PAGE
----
According to the sources cited in Robert Tisserand's Essential Oil Safety Book there are also several genuine side-effects and numerous interactions to consider. And among the quotes from that book there is an updated commission E statement:
- with MAOIs
- opioid analgesics
- indirect sympathomimetic drugs including ephedrine and amphetamine
- Apiole is demonstrated potential for nephrotoxicity at therapeutic doses
- In cases of fatal toxicity from parsley apiole ingestion, considerable liver damage is generally found post mortem
- parsley leaf and seed oils, is thought to be the active constituent, and is also used in its own right as an abortifacient. Data
is often difficult to obtain, partly because of the legal implications of patients admitting to illegal abortion, and in some cases
because death followed abortion and there is no record of how much
apiole was taken.
Our safety advice: We have proposed a daily oral maximum for parsley
apiole of 0.4 mg/kg.
Reproductive toxicity: Apiole and various
preparations of parsley have been used for many years to procure
illegal abortion in Italy. Post-abortive vaginal bleeding, sometimes
profuse, is a feature of these cases. A cumulative effect is apparent,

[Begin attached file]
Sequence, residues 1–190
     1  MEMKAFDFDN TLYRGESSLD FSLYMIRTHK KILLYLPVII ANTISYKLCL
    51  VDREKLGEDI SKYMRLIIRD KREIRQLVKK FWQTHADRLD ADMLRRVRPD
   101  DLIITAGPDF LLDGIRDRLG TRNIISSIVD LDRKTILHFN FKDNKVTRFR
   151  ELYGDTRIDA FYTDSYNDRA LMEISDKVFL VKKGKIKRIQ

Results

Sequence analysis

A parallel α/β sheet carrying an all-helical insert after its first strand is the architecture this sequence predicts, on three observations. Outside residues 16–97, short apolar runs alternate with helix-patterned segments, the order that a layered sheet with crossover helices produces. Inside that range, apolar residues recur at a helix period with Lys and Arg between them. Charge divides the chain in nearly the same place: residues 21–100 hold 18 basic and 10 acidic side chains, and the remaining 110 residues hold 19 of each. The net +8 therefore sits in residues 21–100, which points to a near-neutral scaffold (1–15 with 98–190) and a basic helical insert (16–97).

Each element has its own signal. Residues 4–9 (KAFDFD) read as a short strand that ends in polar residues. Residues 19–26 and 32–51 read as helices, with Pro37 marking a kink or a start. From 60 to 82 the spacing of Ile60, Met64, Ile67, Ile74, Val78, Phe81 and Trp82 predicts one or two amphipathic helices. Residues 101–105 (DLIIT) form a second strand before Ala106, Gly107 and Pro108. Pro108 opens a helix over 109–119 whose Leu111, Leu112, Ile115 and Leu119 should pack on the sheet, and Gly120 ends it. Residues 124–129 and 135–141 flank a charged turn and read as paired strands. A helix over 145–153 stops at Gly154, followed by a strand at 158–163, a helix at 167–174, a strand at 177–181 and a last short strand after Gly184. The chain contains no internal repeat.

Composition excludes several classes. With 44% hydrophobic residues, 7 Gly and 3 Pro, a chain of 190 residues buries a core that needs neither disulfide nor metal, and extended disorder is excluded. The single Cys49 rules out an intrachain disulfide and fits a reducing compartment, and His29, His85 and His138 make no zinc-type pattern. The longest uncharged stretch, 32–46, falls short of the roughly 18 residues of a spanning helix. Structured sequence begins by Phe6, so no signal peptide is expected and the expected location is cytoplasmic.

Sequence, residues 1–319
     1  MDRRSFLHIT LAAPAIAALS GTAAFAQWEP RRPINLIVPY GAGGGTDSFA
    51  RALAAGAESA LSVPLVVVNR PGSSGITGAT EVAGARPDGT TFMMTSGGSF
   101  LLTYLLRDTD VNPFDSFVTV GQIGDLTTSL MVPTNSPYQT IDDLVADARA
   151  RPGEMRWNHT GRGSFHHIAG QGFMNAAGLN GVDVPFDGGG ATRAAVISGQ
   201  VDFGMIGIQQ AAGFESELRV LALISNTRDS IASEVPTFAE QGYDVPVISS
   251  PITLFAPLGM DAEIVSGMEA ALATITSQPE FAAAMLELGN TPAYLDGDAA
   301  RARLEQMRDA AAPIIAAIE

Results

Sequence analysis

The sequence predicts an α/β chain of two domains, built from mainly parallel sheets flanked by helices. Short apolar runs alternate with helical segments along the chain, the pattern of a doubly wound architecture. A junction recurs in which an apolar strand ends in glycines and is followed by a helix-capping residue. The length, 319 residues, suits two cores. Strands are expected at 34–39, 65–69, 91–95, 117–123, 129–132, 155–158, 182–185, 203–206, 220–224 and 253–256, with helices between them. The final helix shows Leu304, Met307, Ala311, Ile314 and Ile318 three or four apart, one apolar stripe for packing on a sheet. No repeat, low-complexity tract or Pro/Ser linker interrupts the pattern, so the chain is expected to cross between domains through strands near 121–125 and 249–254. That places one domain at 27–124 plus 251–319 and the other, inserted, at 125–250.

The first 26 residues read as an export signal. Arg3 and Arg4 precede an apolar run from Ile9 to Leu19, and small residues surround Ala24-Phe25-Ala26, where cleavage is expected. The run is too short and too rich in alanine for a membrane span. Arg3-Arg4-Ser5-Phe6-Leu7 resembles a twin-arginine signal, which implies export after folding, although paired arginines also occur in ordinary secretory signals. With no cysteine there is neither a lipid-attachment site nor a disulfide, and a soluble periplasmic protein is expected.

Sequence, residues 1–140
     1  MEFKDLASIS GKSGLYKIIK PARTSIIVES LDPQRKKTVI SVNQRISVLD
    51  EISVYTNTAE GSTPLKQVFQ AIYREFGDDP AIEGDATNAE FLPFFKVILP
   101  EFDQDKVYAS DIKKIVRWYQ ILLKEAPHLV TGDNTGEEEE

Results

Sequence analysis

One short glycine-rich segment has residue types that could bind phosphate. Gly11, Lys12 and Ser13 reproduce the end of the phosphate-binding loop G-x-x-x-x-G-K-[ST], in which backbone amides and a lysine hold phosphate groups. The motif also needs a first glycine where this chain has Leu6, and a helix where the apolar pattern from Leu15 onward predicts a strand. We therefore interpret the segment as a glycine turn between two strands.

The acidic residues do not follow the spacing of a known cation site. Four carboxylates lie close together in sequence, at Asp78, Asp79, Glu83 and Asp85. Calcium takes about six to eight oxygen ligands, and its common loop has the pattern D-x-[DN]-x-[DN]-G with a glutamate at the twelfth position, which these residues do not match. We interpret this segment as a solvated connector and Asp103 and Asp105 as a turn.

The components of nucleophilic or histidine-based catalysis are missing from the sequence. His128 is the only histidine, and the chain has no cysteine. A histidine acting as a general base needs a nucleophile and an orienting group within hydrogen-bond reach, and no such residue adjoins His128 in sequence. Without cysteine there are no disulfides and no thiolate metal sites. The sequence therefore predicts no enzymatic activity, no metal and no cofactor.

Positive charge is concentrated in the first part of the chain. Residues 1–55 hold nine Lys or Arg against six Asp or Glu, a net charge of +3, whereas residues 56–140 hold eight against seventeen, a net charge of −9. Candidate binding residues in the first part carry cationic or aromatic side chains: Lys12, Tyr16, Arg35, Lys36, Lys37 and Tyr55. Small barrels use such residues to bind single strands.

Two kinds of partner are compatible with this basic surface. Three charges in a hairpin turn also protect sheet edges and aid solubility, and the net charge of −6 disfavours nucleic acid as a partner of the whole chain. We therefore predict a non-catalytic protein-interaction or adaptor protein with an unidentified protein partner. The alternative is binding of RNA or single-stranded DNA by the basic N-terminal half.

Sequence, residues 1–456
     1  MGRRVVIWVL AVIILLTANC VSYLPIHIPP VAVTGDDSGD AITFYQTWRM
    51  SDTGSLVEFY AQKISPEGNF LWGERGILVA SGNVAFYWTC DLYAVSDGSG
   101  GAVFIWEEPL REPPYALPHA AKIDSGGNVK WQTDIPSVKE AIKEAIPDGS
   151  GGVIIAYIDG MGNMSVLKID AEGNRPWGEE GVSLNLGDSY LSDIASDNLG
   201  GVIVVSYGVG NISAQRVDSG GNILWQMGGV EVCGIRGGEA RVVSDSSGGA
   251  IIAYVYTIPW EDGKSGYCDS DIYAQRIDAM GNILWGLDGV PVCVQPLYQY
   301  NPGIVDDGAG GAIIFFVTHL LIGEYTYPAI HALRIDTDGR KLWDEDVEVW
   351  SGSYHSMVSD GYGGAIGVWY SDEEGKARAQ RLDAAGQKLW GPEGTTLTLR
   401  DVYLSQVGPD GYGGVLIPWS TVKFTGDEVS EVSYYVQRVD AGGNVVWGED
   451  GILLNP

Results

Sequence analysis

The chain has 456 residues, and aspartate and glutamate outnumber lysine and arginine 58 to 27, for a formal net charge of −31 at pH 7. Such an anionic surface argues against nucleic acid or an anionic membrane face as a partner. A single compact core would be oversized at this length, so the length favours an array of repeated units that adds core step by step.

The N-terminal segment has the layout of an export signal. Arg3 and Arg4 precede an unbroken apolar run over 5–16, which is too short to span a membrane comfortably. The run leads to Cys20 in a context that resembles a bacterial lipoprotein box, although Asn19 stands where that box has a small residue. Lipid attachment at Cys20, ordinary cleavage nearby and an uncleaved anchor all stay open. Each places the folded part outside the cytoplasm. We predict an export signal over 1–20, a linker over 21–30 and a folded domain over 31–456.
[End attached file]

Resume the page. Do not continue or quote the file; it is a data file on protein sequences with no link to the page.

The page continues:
parsley apiole being taken daily for between two and eight days before
either death or abortion ensued. The lowest daily dose of apiole which
induced abortion was 0.9 g taken for eight consecutive days.
Parsley apiole is toxic in humans; the lowest total dose of apiole
causing death is 4.2 g (2.1 g/day for 2 days) the lowest fatal daily
dose is 770 mg, which was taken for 14 days; the lowest single fatal
dose is 8 g. At least 19 g has been survived. Parsley apiole is
hepatotoxic and nephrotoxic.
Summary: In fatal or almost-fatal doses, parsley apiole is
abortifacient, and toxic to the liver, kidneys, heart and digestive
system. Safety thresholds have not been established.
The Commission E Monograph for parsleyseed oil
concludes that ‘a therapeutic application cannot be justified because
of high risks.’ (Blumenthal, M., Busse, W.R., Goldberg, A., et al.,
1998. The complete German Commission E monographs: therapeutic guide to herbal medicines. American Botanical Council, Austin, Texas.)
Another report that references the older Tisserand compilation but is available on the net: